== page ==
A trio of car thieves have been jailed by Leeds Crown Court for stealing cars with a device designed to look like a Nintendo Game Boy. All pled guilty to the charge of conspiracy to steal. The gang had managed to steal five Mitsubishi Outlanders using the handheld device, which is about £180,000 worth of cars.
West Yorkshire Police estimate the device itself is worth about £20,000, and told the BBC (opens in new tab) that it could unlock and start a car "in a matter of seconds." The device appears to work by essentially 'mirroring' the short-range frequencies of a particular key fob: fooling the car into thinking that the device is the key itself. Marcus Hutchins is a bit of a poacher-turned-gamekeeper in the cybercrime business, and he explains in the below video what the thieves' device is doing. Spoiler: it's cunning.
@malwaretech (opens in new tab)
Reply to @ancspace Rather than cloning the key they typically use an amplification + relay attack to extend the key’s range #hacking #tech #security♬ original sound - Marcus Hutchins (opens in new tab)
The perpetrators, Dylan Armer, Christopher Bowes and Thomas Poulson, were arrested after stealing a Mitsubishi Outlander from a driveway on 20 July this year. There's CCTV footage of the theft (which can be viewed on the BBC website (opens in new tab)) showing the thieves work their dark magic on the car: officers arrested them shortly afterwards.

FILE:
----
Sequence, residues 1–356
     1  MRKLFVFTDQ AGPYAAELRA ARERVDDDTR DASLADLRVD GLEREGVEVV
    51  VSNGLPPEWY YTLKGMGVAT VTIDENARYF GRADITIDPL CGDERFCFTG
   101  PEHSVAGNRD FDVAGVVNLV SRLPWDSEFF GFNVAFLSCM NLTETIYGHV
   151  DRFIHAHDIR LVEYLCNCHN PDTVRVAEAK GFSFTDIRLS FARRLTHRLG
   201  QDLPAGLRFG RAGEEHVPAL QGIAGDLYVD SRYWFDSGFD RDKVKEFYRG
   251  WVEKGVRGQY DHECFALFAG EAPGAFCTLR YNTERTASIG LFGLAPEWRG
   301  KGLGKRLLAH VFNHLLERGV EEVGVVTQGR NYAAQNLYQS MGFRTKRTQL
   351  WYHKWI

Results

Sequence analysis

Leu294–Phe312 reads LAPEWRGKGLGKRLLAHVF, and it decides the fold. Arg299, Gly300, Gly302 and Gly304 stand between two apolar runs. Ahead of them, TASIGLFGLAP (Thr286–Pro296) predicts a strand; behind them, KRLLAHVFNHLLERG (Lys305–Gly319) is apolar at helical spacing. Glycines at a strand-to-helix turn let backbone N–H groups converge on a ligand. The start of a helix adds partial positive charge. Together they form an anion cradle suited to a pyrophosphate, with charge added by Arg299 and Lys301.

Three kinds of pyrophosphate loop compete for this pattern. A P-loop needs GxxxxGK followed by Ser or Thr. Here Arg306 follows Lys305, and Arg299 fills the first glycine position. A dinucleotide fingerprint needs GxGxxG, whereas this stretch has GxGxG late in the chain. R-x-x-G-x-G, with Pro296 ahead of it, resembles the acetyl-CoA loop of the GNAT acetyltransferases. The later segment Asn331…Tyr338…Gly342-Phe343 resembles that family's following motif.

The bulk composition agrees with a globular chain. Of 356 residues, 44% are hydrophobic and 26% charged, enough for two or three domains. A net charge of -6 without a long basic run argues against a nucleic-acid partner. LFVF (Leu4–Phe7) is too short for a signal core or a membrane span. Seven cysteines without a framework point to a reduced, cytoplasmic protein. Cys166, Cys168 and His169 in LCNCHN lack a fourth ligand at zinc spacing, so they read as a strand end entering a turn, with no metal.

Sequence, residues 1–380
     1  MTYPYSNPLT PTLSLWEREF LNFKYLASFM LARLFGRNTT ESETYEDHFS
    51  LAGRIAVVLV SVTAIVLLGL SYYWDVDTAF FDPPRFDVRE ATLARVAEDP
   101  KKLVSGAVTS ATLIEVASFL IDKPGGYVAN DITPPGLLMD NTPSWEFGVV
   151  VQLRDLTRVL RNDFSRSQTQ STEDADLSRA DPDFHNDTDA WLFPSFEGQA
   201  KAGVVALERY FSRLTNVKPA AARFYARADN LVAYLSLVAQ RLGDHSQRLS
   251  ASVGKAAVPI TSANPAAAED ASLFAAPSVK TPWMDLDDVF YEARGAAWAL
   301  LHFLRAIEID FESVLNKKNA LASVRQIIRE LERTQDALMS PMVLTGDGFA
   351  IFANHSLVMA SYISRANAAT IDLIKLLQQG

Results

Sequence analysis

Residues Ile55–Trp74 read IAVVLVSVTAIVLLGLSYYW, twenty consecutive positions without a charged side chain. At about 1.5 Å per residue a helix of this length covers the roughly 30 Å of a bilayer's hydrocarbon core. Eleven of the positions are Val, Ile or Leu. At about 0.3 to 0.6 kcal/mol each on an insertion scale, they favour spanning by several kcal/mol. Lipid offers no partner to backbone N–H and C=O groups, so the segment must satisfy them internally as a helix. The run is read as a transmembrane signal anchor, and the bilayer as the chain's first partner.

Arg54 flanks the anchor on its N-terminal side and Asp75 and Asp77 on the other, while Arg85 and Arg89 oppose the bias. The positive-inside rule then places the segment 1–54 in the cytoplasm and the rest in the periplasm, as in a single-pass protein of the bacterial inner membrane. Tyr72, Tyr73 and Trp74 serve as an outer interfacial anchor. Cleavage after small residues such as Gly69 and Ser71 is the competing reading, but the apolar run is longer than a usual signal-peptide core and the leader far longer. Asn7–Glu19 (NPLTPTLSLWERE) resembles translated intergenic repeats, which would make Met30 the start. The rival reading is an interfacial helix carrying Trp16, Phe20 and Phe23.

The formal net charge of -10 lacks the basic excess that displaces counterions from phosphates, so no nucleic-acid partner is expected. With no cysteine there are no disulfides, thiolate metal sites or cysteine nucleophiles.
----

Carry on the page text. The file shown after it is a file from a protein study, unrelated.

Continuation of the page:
If you're wondering 'why a Game Boy?' the answer is probably just that it's an inconspicuous and easily recognisable piece of older tech: the kind of thing you wouldn't think twice about seeing someone fooling around with, or think was especially noteworthy. The device was found in a secret compartment of the thieves' car following their arrest. The would-be criminal masterminds had also helpfully recorded themselves nicking the cars, which the police said showed: "how quickly and easily the gadget gave them full access to the vehicles, accompanied by a commentary in mocking tones".
Armer was jailed for 30 months by the court. Bowes and Poulson were each given 22 months in prison, suspended for two years.